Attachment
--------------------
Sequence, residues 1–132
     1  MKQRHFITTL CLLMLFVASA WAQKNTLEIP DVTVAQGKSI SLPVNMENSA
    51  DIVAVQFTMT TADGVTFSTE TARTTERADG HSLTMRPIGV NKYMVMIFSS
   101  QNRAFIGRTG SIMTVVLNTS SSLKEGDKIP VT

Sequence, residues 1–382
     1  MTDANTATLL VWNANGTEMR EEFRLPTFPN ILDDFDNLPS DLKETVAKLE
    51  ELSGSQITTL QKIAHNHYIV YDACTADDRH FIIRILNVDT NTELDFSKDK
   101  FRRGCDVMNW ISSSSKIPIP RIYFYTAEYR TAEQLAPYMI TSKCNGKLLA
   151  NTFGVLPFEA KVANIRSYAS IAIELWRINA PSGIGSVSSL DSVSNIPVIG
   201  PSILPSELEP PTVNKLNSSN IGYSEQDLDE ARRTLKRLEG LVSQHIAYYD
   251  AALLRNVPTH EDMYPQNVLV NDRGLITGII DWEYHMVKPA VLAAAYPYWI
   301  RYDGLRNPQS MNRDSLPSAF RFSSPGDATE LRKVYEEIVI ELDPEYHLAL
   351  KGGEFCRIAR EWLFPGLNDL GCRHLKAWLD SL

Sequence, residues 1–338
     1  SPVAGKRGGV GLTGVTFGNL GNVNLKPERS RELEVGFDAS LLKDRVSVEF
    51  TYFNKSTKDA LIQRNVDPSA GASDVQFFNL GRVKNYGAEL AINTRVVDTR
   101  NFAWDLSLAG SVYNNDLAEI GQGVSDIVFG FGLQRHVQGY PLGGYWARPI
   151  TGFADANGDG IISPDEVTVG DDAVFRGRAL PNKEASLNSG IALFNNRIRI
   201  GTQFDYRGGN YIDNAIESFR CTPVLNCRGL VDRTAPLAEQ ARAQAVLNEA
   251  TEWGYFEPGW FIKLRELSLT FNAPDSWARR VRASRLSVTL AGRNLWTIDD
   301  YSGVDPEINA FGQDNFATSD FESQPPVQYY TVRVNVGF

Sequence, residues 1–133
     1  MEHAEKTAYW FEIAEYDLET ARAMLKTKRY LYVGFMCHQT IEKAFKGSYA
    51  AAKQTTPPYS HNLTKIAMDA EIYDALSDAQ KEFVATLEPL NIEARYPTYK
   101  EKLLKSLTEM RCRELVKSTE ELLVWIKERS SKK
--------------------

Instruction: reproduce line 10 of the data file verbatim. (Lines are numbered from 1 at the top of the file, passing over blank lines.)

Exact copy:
   201  PSILPSELEP PTVNKLNSSN IGYSEQDLDE ARRTLKRLEG LVSQHIAYYD